The Chevy LS engine parts have the distinction of being pretty interchangeable (as long as you do your homework), making them one of the most popular engine swaps today. Muscle cars are the most popular (even though the 350 was once the king, but then fuel injection came along). The perfection of the LS engines is their size (they are small), so they will fit into just about anything. (Check out Connor Hofford’s 1984 Rabbit with an LS engine).
Chevrolet excels because it has made some pretty damn reliable engines (notably the LS series), and they are generally cheaper to purchase. A small block V8 is easy to work on, adaptable to many vehicles, and has excellent aftermarket support. That said, Chevy engines can get wonky. (Excessive oil consumption is an issue on many Chevy engines).
Best And Worst Chevrolet Engines
Here is an example of some of Chevrolet’s finest offerings and a few stinkers. (Chevy has recently released a crate engine that is a 10L 632 ci V8, which makes over 1,000 hp and costs $25k). Chevrolet's best engines include the 5.7L LS1 V8 - (Late 90’s Corvette, Camaro, and Pontiac Firebirds, among others), the 7.0L LS6 V8 - (2006 - ‘13 Corvette and 2014 - ‘15 Camaro Z28), and yes, we included it - they 6.2 LT1 V8 - (2015 - 2019 Covette and 2016 - present Camaro).
Like every other automaker, Chevy struggled to balance fuel economy and performance. The worst motors, in our opinion, are anything with the name EcoTech on it, the 3.6L V6 (Buick LaCrosse, Cadillacs and Impalas, Caprice, and other cars), and the 6.5L Diesel (1982 - 2000 GM trucks, SUVs, among others)
- Engines are cheaper than other brands
- More parts available
- Ease of maintenance and parts swap
- Aftermarket support
- Some issues with reliability or mechanical problems.
Ford Has a History With The V8
Ford has made many V8s over the years, many of which have been solid, reliable powerplants. The favorites are the 427 V8, the 5.0L “Coyote,” or the 460 Big Block “Lima” that powered trucks for many years. While not the first automaker to offer a V8 (that distinction belongs to Cadillac), it has plenty of history to contribute to the creation of engines.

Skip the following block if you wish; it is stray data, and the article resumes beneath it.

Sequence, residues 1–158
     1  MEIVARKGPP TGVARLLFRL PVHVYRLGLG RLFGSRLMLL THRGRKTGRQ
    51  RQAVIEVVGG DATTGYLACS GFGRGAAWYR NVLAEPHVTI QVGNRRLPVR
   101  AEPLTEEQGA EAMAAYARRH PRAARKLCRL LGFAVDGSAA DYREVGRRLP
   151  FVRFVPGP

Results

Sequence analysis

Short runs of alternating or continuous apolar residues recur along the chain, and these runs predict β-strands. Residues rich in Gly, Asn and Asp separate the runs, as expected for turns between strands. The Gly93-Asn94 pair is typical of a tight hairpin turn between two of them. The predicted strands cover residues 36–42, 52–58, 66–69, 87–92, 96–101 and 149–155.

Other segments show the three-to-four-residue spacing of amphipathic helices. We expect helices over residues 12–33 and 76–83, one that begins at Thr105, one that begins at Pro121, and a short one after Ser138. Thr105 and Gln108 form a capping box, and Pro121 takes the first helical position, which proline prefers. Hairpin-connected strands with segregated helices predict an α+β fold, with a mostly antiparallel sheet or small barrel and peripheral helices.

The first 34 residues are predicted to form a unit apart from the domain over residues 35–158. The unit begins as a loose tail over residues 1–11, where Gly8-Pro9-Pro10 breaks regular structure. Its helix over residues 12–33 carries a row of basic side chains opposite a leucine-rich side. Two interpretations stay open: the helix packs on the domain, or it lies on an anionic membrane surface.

The advantage of a Ford engine is that it is built with good internals, is easy to work on, and has plenty of parts (depending on the engine) available. It will cost you a little bit more to maintain your Ford engine. According to Repairpal.com, the average owner of a Ford pays nearly $125 more to keep their Ford running smoothly than you might spend on Chevy or Dodge.
The favorite crate engine for Ford enthusiasts seeking to add power to their builds is the Predator engine, which produces 760 hp and is the current engine in the 2022 Shelby GT 500, which sadly was the last year that Ford produced this beautiful car. (It is currently available as a crate engine for about $25k if you want to pay that much).
If you are a cheaper-minded Ford guy, there is always the 5.0L Coyote used in the Mustang GT, and our take on the engine is that it is reliable for the most part, but it does have some flaws. (The engine tends to develop oil leakage if pushed beyond its limits).
One area we like about Ford is its willingness to innovate with new technologies. Ford has been leading the charge in electrification, which is way ahead of Chevy and Mopar. The Eco-boost engine development (not the first one) was a modern miracle, providing decent horsepower and fuel economy. We want to see more of what Ford has in store for the next decades.
Best and Worst Ford Engines
While it might be hard to pick one, we like the following engines for rebuilds. The 5.0L Coyote (Mustang and F150s), the 5.4L Predator V8 (2019 - 22 Ford Shelby GT500), and finally, the 4.9L Boss 302 V8 (1969 - ‘70 Boss Mustang and Mercury Cougar Eliminator).
As for our least favorite engines, we would nominate the 6.0 and 6.4 Powerstroke Diesels (Why they abandoned the 7.3 IDI is beyond us) and the V4 Essex (1965 - 77), an epic failure on every level.
- Ford engines are reliable, durable, and easy to maintain.
- Ford engines are easier to stroke
- Some mechanical issues (depending on the engine)
- Cost more to maintain